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Letter to George Washington

By: Henry Knox

Henry Knox Letter to George Washington (October 23, 1786). In W. W. Abbott and Dorothy Twohig, eds., The Papers of George Washington: Confederation Series, Volume 4: April1786-January 1787, vol. 4 (Charlottesville, VA University Press of Virginia, 1995). pp. 299-302....

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Common Sense : Addressed to the inhabitants of American, on the following interefting subjects: Addressed to the inhabitants of American, on the following interefting subjects

By: Thomas Paine

By Thomas Paine; Published in 1776, Common Sense challenged the authority of the British government and the royal monarchy. The plain language that Paine used spoke to the common people of America and was the first work to openly ask for independence from Great Britain....

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New York Mechanics Declaration of Independence

By: Peter Force, Editor

New York Mechanics Declaration of Independence (May 29, 1776). In Peter Force, ed., American Archives: Consisting of A Collection of Authentick Records, State Papers, Debates, and Letters and Other Notices of Publick Affairs, the Whole Forming a Documentary History of the Origin and Progress of At North American Colonies; of the Causes and Accomplishment of the American Revolution: and of the Constitution of Government for the United States, so the Final Ratification Thereof,'6 vols. (Washington, O.C.: M, St. Clair Clarke and Peter Force [Under Authoriry of Acts of Congress). 1646). 4th scr. (A Documentary History of the English Colonies in North America from the long's Message to Parliament, of March 7, 1774, to the Declaration of Independence, by the United States), vol. 6, pp. 614-15. Misspellings are in original....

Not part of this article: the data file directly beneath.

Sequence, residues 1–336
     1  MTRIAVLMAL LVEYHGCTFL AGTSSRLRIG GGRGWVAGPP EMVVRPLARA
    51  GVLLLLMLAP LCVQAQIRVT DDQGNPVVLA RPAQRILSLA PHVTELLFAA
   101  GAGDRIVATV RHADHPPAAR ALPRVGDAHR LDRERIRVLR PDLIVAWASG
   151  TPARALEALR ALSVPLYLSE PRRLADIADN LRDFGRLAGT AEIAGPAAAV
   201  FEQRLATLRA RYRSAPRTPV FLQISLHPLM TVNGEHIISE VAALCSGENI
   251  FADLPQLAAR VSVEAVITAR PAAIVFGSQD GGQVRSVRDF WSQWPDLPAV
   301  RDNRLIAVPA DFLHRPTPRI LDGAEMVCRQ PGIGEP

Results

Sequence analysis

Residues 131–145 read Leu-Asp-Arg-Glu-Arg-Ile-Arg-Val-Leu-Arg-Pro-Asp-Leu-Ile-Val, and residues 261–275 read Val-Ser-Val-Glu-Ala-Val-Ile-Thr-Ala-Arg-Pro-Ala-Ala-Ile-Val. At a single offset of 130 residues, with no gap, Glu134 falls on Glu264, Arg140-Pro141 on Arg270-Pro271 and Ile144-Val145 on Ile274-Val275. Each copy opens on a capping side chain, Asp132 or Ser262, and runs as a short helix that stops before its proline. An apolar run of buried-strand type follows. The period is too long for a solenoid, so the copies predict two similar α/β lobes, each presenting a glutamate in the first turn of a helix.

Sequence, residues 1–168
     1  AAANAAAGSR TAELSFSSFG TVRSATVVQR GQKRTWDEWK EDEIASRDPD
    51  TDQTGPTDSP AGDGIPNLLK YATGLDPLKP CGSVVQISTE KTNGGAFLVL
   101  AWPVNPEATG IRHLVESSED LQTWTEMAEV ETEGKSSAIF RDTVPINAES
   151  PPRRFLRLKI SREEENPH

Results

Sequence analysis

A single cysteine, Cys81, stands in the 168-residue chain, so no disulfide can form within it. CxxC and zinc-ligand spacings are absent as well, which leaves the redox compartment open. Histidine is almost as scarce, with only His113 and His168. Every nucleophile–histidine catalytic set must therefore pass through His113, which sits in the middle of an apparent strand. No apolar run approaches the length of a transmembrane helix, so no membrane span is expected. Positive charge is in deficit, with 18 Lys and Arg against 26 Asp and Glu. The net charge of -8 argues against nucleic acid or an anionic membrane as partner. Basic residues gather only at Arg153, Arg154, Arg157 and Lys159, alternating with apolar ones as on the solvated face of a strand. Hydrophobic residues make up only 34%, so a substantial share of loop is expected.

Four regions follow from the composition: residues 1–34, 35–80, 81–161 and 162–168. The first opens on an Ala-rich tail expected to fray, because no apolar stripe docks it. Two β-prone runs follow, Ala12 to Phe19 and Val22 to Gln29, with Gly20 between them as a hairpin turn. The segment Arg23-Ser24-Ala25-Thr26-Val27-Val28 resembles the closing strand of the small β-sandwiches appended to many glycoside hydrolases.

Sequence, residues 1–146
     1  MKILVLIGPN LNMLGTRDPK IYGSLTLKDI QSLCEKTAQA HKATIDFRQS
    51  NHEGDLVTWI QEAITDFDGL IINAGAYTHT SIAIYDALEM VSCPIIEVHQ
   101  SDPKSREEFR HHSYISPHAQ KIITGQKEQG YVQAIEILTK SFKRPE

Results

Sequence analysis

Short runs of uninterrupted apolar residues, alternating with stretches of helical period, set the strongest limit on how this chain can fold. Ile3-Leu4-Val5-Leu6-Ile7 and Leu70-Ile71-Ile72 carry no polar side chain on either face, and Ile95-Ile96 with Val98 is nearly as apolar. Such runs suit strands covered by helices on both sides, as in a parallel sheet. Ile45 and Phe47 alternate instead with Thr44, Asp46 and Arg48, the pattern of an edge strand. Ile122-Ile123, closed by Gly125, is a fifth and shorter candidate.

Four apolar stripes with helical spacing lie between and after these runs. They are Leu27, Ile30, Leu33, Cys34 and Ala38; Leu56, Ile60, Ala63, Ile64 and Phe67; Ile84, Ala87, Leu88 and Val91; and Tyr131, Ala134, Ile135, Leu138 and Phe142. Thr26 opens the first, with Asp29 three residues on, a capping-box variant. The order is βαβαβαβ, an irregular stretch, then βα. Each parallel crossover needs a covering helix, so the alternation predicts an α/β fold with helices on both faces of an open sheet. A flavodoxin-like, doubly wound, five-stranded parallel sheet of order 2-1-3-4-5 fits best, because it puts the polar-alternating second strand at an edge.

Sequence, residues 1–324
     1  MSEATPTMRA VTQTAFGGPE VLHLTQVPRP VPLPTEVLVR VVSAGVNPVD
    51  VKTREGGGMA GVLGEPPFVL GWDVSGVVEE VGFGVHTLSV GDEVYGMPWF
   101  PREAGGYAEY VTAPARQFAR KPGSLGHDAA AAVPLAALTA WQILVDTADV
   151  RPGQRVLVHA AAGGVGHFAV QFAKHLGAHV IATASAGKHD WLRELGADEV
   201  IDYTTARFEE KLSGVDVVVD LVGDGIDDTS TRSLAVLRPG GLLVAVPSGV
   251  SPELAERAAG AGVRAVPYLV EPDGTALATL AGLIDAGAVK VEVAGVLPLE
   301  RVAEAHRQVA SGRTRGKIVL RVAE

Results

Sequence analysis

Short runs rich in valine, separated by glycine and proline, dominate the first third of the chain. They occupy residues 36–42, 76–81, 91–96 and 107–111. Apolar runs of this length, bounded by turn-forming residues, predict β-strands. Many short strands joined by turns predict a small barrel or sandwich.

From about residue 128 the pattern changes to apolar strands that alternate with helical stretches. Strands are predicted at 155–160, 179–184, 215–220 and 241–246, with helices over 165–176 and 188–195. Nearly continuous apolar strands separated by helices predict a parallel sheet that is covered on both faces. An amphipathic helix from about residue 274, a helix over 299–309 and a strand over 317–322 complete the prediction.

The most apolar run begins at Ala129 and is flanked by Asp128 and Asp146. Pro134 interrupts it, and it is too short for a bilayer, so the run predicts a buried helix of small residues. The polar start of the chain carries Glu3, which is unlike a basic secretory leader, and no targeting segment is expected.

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Joseph Clarke's Letter about the Rebellion in Springfield

By: Joseph Clarke

Joseph Clarke's Letter about the Rebellion in Springfield (August 30,1774). Letter to Major Joseph Hawley. In James Russell Trumbull, History of Northampton, Massachusetts, from la Settlement in 1654, vol. 2 (Northampton, MA: Gazette Printing Company, 1902), pp. 346-48....

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George Hewes Recalls the Boston Tea Party

By: George Hewes

George Hewes Recalls the Boston Tea Party (1834). In Henry Steele Commager and Richard B. Morris, eds., The Spirit of Seventy-Six: The Story of the American Revolution as Told by Participants (New York: Harper & Row, 1967), pp. 4-6....

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Samuel Drowne's Testimony on the Boston Massacre